ISLAMABAD: The counsel representing Pakistan Tehreek-i-Insaf (PTI) secretary general Jahangir Tareen in disqualification proceedings before the Supreme Court conceded on Thursday that the two individuals — in whose name shares were traded in 2005 — were indeed employed by his client.
At the last hearing, Chief Justice Mian Saqib Nisar had asked Advocate Sikandar Bashir Mohmand — who represents Mr Tareen — to inquire whether Allah Yar and Haji Khan were his cook and driver. Shares of United Sugar Mills Limited (USML) — an entity up for sale — were purchased by the two men and eventually led to the PTI leader facing allegations of ‘insider trading’.
When proceedings commenced on Wednesday on a petition filed by local Pakistan Muslim League-Nawaz (PML-N) leader Hanif Abbasi, the counsel admitted that both men were employees of Mr Tareen and had been associated with him for the past several years.
Allah Yar has been with Mr Tareen since 1975 and is the caretaker of the Lodhran farms, whereas Haji Khan has been working for the PTI secretary general since 1980 and is in charge of his residences in Lahore and Islamabad.
PTI leader’s lawyer terms anti-insider trading rules ‘bad law’, says fine cannot be considered ‘conviction’
When the chief justice inquired how much the two men bought the shares for, the counsel cited the Securities and Exchange Commission of Pakistan’s (SECP) reply before the court, explaining that both individuals made a cumulative gain of Rs70.8 million from the sale of the mill’s shares.
Later, Mr Tareen had to pay a penalty of Rs70 million when the SECP imposed a fine on him over allegations of insider trading in 2005.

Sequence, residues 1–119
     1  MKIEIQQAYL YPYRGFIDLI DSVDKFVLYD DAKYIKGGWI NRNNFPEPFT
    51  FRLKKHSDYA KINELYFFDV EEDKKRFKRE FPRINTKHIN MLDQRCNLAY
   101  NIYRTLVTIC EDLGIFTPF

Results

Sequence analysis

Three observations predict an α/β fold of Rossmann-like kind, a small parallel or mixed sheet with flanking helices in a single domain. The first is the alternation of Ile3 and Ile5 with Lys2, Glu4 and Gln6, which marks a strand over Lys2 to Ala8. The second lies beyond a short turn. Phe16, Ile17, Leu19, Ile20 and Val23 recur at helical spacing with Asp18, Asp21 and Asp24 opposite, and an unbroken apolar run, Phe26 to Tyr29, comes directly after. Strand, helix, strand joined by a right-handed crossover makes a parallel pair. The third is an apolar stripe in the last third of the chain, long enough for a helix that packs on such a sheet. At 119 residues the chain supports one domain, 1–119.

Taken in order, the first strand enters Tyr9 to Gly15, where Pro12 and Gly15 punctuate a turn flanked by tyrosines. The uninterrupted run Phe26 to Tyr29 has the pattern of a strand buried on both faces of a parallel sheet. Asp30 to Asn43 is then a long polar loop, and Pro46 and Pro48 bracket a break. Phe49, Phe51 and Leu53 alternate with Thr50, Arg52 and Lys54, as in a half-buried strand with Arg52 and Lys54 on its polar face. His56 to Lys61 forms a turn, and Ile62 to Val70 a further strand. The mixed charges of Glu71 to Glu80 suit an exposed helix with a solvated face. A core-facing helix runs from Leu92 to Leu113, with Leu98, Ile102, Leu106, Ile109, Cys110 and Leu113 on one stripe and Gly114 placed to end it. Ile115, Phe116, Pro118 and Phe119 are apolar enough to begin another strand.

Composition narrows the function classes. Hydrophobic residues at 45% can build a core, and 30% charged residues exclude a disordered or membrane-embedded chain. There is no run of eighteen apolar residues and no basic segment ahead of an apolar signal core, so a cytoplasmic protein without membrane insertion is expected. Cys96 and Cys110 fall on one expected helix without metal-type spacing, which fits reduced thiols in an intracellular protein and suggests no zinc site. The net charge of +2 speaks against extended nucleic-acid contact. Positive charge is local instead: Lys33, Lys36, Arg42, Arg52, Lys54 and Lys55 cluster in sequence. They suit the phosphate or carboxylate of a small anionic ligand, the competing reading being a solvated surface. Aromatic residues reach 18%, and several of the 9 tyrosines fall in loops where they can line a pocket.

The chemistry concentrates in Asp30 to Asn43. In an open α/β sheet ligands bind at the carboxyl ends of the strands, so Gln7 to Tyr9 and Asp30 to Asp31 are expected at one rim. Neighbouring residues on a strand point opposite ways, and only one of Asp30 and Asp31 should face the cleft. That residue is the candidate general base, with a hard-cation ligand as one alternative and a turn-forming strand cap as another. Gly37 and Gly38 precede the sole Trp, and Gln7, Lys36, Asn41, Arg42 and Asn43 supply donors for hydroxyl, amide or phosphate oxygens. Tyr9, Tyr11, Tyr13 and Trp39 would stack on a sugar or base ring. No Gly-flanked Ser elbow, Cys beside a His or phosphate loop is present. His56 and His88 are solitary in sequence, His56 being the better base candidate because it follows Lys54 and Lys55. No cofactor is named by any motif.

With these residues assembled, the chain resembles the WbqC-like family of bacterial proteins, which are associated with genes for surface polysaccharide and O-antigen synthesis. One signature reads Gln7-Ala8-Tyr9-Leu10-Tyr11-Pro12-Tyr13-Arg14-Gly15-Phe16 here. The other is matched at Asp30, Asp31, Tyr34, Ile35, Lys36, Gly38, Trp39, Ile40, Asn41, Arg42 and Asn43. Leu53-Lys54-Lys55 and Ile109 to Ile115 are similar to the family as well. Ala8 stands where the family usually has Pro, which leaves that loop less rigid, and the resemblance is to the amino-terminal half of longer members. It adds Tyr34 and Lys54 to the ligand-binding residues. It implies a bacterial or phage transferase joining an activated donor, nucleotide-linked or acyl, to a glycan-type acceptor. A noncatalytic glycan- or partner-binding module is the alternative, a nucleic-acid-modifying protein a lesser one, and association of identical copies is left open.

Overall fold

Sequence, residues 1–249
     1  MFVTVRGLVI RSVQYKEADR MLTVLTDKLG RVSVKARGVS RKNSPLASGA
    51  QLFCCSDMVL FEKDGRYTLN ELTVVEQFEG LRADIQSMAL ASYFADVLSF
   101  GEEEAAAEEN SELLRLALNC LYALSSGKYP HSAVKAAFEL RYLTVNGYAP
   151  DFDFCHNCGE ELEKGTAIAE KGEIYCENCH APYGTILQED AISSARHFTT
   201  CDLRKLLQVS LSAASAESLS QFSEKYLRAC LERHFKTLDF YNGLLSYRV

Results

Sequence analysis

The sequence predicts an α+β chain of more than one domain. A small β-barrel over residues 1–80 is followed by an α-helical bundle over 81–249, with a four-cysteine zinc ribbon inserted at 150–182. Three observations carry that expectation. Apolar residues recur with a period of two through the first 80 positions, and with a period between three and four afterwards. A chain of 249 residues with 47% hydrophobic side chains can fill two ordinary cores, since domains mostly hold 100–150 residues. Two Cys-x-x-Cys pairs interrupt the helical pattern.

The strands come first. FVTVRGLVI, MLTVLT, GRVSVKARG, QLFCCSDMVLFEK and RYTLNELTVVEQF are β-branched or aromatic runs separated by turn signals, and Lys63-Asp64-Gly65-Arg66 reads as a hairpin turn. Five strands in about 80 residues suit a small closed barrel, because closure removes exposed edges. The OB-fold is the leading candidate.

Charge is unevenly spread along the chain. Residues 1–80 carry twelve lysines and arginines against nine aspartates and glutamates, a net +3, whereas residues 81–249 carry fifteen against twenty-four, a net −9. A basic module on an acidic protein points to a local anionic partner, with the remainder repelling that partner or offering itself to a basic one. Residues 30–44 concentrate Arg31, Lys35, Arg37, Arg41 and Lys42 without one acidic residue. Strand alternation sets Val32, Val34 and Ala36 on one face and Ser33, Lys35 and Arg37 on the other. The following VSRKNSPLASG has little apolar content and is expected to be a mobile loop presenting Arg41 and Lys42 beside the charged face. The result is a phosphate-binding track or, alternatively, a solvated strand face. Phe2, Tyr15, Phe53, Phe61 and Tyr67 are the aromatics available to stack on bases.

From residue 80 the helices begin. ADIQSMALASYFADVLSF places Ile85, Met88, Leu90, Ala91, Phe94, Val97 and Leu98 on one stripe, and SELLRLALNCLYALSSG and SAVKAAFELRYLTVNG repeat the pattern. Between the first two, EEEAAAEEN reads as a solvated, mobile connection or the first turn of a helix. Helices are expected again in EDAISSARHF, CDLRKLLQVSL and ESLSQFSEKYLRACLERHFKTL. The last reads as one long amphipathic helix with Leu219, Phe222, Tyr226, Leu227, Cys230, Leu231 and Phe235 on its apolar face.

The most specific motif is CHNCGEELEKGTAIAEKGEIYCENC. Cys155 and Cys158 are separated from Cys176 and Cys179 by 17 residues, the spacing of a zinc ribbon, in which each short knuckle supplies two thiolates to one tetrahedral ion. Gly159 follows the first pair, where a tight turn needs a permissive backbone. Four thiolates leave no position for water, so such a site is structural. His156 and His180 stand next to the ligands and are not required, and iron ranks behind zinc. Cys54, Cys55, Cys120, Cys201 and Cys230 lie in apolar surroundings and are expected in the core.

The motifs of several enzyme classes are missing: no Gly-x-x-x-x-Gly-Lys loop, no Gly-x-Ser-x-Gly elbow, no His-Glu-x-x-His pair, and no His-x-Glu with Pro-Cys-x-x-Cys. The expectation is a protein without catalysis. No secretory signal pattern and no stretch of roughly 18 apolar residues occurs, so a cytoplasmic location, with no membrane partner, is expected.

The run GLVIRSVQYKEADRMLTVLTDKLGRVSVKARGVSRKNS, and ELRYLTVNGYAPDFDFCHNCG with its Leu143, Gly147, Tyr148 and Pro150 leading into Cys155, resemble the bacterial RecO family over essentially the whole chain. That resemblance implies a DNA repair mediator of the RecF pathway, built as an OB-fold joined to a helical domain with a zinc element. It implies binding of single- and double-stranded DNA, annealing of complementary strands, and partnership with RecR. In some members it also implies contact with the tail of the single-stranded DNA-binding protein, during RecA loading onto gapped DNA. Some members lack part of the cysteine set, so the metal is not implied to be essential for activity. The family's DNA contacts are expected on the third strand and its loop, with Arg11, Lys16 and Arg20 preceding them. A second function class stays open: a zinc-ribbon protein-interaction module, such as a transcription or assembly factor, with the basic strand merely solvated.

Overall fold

On Thursday, the chief justice also asked the parties involved in the case to assist the court in establishing whether penalties paid by an individual can be considered part of the public exchequer.
The court’s directions came when the counsel — trying to establish that the fine imposed could not be considered a ‘conviction’ — argued that the payment under sections 15-A and 15-B of the Security Exchange Ordinance 1969 had nothing to do with the consolidated funds and that penalties imposed under it never went to the public exchequer.
Since this was not a tax law, it should be struck down from the statutes forthwith, he argued.
Justice Umar Ata Bandial, however, asked was it a rightful exercise to allow personal benefit, especially when Mr Tareen — as a director of the JDW Sugar Mill — was privy to specialised information about the acquisition of USML.
“We are not looking into conviction, only questioning whether you acted fairly or not,” Justice Bandial observed.
The counsel, however, argued that sections 15-A and B did not even remotely relate to the imposition or regulation of taxes.
When the court observed that the counsel was trying to wriggle his way out of the law, the counsel responded by citing Article 4 of the Constitution, which ensures the right of all individuals to be dealt in accordance with the law.
When asked if he had sought the annulment of the law by challenging it in a collateral proceeding, the counsel cited the 2009 Supreme Court verdict in the Sindh High Court Bar Association case, where the increase in the strength of Supreme Court judges from 16 to 29 was assailed because the enhancement was made through the Finance Bill 2008 instead of an act of parliament.
“If a law is bad, will the Supreme Court — the ultimate guardian of law and the Constitution — not take suo motu notice of the issue?” the counsel asked.
Published in Dawn, October 19th, 2017